The core of 10-12 SYA East players hadn’t lost in districts the previous two years — going 5-0 during its 2019 All-Star run. The loss was a real wake up call for the team, Neely said. 

“I don’t know if we would’ve made it to the [state] championship game had we [not] lost that game,” Neely said. “That really showed the boys that you can’t just go out there and assume you’re going to beat anybody.”

Weber said that the game served as a building block for down the road in the state tournament because even in defeat, it served as an example to the players that no lead is insurmountable. 

The elder Pilon said she was really impressed by the sportsmanship of SYA East following the loss to SYA West. Despite not hitting well and committing a lot of errors, Chadha said, Ila Pilon said the players continued to support each other and raise the team’s “positivity level,” even after the undesired result. This was done in part by patting fellow teammates on the back and giving words of encouragement when they were struggling, not just against SYA West, but throughout the season, Cassie Chadha, mother of Caysen Chadha, said. 

Another outcome of the pool play defeat: Every subsequent game, the boys played “almost flawlessly,” Neely said. SYA East went undefeated from July 6 until July 27 — an eight-game span. 

State Semifinals — ‘Good lord, what are they feeding them?’ SYA East vs. Tuckahoe 

SYA East faced its toughest challenge to this point of the state tournament when they faced Tuckahoe — a team from a western-lying suburb of Richmond in Henrico County — July 26. A “very talented, big, strong team,” Neely said about the opponent, Tuckahoe had made the state championship two years prior, and most people thought Tuckahoe was “just going to roll us,” James Neely said. 

Going into the game, James Neely said everyone on the team was loose because of the low expectation put on SYA East due to its underdog perception. This expectation was accentuated during Tuckahoe’s warmup, Ryan Pilon said. 

“They definitely intimidated us,” Ryan Pilon said. “There were no errors, they were transitioning the ball really good, calling for the ball. They were definitely doing perfect baseball on that warmup.”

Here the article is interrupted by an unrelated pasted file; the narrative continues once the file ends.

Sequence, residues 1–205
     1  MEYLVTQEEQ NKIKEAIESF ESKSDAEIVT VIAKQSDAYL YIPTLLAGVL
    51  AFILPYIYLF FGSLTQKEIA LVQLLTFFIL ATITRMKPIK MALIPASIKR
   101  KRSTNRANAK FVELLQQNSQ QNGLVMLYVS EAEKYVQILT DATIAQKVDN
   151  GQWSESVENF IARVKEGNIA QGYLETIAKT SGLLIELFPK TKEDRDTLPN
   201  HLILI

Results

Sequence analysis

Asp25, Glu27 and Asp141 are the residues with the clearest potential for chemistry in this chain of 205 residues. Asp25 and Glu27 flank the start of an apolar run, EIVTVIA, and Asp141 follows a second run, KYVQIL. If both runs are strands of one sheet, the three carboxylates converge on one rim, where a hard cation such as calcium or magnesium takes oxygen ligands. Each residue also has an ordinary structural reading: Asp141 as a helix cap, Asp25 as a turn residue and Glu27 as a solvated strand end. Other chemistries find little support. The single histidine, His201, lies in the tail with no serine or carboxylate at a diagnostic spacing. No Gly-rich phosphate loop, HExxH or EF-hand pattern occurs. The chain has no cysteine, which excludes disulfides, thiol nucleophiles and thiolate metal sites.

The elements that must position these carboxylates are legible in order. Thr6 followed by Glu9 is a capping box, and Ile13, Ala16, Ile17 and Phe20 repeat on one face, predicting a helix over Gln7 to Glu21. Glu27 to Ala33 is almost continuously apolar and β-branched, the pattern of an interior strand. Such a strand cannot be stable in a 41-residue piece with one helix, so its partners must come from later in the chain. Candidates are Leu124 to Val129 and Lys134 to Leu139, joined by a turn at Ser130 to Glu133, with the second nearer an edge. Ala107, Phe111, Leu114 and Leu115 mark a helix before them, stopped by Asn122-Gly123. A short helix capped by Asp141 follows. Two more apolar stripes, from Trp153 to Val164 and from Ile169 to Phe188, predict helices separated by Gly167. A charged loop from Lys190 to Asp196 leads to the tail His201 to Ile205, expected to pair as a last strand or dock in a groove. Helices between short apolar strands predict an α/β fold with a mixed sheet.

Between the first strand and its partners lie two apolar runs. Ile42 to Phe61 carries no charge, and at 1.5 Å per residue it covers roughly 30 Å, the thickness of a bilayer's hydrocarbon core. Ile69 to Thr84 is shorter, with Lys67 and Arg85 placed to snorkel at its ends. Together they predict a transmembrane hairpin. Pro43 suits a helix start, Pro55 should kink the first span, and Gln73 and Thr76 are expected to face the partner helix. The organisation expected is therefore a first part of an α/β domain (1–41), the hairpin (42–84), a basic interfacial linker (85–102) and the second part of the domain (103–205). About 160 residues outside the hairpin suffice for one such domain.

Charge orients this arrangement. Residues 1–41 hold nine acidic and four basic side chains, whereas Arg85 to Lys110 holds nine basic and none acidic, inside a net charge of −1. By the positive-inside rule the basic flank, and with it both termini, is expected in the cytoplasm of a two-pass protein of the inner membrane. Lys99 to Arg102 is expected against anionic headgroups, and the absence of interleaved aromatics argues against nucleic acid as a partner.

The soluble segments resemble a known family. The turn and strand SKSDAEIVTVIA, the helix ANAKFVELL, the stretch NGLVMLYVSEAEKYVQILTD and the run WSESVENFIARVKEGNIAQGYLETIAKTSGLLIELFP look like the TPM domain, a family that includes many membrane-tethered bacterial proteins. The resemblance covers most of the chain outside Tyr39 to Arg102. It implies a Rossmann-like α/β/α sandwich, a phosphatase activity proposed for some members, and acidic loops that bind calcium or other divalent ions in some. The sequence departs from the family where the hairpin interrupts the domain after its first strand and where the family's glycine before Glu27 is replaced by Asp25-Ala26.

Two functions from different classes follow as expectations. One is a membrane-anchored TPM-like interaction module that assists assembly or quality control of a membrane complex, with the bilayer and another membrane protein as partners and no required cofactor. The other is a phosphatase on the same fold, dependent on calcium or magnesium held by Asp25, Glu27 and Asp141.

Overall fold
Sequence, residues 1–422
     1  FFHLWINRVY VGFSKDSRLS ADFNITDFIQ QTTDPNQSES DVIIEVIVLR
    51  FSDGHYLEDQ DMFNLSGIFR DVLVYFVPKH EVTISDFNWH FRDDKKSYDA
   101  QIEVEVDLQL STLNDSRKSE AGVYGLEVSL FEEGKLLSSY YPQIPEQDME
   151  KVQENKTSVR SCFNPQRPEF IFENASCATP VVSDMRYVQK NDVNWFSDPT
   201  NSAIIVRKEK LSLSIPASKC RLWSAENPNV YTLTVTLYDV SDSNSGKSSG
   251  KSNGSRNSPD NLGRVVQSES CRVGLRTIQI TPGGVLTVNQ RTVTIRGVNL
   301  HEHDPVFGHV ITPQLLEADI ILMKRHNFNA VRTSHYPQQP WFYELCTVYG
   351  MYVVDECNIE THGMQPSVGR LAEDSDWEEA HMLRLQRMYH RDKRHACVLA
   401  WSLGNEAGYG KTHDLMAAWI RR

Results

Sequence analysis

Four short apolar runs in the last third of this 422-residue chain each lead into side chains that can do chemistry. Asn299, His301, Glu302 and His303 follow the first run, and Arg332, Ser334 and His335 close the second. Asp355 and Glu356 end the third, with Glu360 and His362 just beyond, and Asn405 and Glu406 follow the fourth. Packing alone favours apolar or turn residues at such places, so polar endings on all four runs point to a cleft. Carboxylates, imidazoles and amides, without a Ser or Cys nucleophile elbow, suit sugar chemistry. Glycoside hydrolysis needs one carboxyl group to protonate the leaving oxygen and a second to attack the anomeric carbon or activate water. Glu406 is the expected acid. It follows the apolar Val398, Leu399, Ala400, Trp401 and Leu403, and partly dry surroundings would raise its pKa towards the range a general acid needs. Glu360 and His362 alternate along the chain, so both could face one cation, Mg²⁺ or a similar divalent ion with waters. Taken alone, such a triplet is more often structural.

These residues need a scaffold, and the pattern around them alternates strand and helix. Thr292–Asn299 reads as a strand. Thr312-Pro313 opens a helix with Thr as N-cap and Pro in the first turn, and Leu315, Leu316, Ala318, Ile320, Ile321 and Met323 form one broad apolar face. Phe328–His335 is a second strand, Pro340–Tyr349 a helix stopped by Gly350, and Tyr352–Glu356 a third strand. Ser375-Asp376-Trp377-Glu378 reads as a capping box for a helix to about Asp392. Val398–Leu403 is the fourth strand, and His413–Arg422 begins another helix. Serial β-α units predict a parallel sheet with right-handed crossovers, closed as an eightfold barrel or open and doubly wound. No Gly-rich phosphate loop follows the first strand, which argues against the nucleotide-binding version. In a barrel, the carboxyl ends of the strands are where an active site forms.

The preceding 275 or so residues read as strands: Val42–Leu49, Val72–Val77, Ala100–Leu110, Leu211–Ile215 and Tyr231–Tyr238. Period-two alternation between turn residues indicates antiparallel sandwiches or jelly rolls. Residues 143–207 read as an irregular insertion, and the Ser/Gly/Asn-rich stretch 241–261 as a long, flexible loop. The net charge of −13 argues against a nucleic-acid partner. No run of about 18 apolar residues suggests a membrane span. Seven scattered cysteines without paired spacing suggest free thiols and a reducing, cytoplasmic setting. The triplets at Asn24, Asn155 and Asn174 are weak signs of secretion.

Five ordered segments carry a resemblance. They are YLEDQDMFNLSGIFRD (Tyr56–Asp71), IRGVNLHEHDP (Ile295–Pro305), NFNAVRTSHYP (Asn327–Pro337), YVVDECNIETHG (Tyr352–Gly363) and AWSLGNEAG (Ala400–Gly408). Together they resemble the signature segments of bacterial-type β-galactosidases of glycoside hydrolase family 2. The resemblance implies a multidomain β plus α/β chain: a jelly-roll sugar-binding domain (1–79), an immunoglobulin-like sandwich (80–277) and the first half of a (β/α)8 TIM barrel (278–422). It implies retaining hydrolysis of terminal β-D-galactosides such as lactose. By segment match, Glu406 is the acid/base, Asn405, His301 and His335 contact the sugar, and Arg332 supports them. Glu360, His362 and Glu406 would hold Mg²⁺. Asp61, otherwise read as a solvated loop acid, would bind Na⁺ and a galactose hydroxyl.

The intimidation factor went up a notch because of how big Tuckahoe was — the elder Neely said half their team appeared to be at least 5-foot-6 and 150 pounds, while SYA East, he said, was the smaller team in most games they played this year. But it usually wasn’t to the same deficit to that of Tuckahoe’s size. 

“When you get to 12-years-old, the boys start to grow, but not all boys,” Neely said. “We don’t have those really big boys.”

On a little-league sized field, home runs only have to travel 200 feet when hit to center field. Neely said this can be the difference between a fly-outs for his smaller team, and home runs for teams with Tuckahoe’s size. 

SYA East jumped out to an early 3-0 lead after the first inning. Heading into the bottom of the fifth, the East held a 3-1 advantage, and had the momentum and crowd behind them before the game paused for two hours amidst a weather delay. 

Coming out of the playing hiatus, it was the smaller team that had a “super sharp warmup,” Weber said. After watching it, he said he felt “really, really good” about SYA East’s chances to come out on top. 

Rhodes Field at Yeonas Park was the setting for a game that was again being played in front of screaming and yelling fans, Weber said — reminiscent of the earlier duel with SYA West. James Neely said the game was fun to play in because past SYA East players came out to cheer the current team on, and everyone was just “going crazy.” Thanks in part to the earlier experience of dealing with crowds and previous state-tournament trips, Weber said the noise was no factor.